It was only during the late nineties and early millennium, when we Indians started celebrating Valentine’s Day. Movies and television serials started glorifying and consumer based companies found a tremendous business opportunity in the nation’s newfound fad. Over the next few years, it proved to be more than a fad, and has now become a national festival of epic proportions.
Gokhale’s famous quote, ‘what Bengal thinks today, India thinks tomorrow’ bears testimony to that fact that Bongs have always been the pioneers of change. So it should not come as a surprise to you that Bengalis have been celebrating the ‘festival of love’, long before the rest of the nation started to fall head over heels for it.
On the day of Vasant Panchami, West Bengal celebrates Saraswati Pooja – Bongs’ very own version of the Valentine’s Day. The festival is celebrated when nature begins shedding off its morbid winter hues and starts dressing up for spring, thus adding the much needed spunk and youth to it.
Saraswati – the goddess of knowledge and wisdom is widely worshipped in the artistic and musically inclined Bengali community. However, over the years, teenagers have successfully found a different purpose for celebrating this festival. The festivity starts way before the actual day, when students go out to other institutions to invite their counterparts for attending the event. For most female exclusive schools, Puja day is the only occasion when boys are allowed to enter the hallowed precincts of the ever forbidden girls’ schools; those innocent giggles from the school windows are something which has fascinated teenage boys for ages.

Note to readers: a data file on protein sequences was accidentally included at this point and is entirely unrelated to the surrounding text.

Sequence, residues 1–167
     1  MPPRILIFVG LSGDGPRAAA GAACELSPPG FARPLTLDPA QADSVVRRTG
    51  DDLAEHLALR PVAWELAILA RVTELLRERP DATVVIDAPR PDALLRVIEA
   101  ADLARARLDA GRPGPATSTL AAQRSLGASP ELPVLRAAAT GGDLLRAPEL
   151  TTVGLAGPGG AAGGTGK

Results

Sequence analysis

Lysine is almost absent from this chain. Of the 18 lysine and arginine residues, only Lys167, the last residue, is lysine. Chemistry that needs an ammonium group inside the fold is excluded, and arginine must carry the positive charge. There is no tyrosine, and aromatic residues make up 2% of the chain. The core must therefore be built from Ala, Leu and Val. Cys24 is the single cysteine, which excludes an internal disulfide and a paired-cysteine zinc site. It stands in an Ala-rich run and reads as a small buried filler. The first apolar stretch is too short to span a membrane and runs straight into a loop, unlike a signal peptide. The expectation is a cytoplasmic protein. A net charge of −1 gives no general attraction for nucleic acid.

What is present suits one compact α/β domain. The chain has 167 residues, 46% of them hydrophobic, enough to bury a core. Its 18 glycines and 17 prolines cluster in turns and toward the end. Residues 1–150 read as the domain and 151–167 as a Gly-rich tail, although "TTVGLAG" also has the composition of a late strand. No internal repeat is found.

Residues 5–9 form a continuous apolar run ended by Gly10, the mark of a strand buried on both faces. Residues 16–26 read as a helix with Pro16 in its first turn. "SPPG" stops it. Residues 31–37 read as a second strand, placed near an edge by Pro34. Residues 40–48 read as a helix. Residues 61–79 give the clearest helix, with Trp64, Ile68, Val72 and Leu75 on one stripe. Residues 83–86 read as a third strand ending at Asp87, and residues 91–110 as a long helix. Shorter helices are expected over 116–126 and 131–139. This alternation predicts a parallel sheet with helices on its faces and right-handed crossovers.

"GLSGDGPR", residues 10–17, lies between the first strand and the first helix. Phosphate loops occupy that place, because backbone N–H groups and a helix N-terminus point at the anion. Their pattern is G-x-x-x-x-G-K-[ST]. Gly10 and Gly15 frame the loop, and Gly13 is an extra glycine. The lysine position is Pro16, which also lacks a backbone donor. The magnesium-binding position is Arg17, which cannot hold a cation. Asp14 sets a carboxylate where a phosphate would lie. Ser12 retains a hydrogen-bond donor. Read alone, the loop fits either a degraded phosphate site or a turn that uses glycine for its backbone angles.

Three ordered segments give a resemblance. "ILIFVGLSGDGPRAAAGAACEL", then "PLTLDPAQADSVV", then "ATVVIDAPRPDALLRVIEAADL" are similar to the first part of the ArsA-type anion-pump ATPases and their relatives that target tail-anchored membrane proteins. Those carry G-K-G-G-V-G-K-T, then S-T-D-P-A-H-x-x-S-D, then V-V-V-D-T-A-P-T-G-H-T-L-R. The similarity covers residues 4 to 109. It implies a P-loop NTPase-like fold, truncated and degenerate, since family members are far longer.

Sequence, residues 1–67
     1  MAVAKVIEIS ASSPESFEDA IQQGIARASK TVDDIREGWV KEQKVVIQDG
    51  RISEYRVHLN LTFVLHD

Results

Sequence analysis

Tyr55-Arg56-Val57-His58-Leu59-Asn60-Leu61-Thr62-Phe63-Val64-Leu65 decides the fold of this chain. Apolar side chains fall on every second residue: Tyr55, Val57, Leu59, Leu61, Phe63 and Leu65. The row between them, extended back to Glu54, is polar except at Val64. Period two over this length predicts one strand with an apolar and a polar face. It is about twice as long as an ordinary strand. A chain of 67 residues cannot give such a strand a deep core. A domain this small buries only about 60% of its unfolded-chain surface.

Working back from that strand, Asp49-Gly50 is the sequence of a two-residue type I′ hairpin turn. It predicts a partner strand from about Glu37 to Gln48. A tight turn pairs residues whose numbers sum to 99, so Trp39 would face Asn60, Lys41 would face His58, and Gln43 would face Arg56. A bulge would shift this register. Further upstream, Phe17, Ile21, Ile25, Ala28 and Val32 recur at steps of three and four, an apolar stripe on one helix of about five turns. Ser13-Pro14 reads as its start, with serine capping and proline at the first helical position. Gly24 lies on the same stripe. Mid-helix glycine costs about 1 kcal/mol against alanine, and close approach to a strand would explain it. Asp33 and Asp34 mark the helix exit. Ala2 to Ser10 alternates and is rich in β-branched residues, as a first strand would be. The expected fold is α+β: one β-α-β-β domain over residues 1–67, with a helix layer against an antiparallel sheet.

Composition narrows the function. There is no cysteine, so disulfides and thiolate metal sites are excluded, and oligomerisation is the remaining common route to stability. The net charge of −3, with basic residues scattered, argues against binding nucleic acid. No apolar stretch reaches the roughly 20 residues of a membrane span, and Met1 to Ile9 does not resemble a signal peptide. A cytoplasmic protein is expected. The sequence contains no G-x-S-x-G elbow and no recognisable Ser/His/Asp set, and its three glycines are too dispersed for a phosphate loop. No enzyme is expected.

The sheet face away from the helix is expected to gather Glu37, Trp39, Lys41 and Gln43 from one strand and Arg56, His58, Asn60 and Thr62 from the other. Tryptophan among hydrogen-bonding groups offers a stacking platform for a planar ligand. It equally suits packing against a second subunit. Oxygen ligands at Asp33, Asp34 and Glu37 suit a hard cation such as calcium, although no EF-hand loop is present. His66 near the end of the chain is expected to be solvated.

Post the invites are rolled out and sleepless nights spent in making meticulous arrangements to welcome the deity, it’s time for the big day. Like any grand Indian festival, what you wear is of utmost importance. Girls drape themselves in marigold colored saree and guys wear quintessentially Bengali kurta pajama. After offering the “pushpanjali” at their respective pandals, people huddle into groups and engage in small talk while couples deftly escape the prying eyes of parents to spend the day with each other.
All transgressions are forgiven on this day because Maa is ever magnanimous. The idea of ‘date’ is usually incomplete without good food, and Bongs who are all so well known for their culinary abilities aka obsessions, can never seem to get enough of their gastronomic experiences. The usual menu consists of Khichdi, mixed vegetable curry, fried veggies, sweets, etc. The pocket money heavy lot, however, skip the routine delicacies and go out to dine in restaurants followed by a romantic movie, thus completing the experience.
For the intellectual and yet intensely romantic lot, Bengalis have found the true union of wisdom and love and they don’t even need the nod from Saint Valentine for it. So the next time you want to ask a Bong out, make sure you check out the calendar for Saraswati Pooja, it will inevitably evoke some warm memories and make your job easier.